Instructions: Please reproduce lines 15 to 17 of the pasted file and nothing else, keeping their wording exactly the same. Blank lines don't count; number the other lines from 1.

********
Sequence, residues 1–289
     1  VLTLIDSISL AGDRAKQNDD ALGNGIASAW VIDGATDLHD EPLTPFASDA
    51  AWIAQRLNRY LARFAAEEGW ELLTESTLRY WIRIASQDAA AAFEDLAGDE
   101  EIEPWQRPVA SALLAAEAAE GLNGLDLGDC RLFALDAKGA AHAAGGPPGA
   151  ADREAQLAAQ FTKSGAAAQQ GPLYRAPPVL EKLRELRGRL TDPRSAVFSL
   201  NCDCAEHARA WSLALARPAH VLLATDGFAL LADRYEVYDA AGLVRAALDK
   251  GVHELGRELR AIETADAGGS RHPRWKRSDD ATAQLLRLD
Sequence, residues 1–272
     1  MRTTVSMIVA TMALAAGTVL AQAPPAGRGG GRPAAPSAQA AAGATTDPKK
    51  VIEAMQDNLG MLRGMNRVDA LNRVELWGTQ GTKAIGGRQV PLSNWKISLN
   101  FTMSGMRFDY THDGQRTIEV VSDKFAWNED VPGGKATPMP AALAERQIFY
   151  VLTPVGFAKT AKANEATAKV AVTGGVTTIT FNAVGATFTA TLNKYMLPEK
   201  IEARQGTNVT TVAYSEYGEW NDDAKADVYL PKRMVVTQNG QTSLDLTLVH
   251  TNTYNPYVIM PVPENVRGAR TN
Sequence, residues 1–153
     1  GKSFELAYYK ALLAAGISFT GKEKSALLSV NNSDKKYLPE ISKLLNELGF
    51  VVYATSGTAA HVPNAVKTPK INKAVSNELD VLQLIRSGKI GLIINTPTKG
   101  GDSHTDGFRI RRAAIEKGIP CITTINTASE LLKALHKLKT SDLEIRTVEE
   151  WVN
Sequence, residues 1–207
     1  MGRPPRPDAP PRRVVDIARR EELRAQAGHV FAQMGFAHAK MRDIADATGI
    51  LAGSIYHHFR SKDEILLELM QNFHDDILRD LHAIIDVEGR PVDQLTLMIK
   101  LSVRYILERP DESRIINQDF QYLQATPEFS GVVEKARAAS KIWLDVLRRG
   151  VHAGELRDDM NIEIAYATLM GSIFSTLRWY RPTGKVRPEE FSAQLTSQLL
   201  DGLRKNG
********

Sequence, residues 1–153
     1  GKSFELAYYK ALLAAGISFT GKEKSALLSV NNSDKKYLPE ISKLLNELGF
    51  VVYATSGTAA HVPNAVKTPK INKAVSNELD VLQLIRSGKI GLIINTPTKG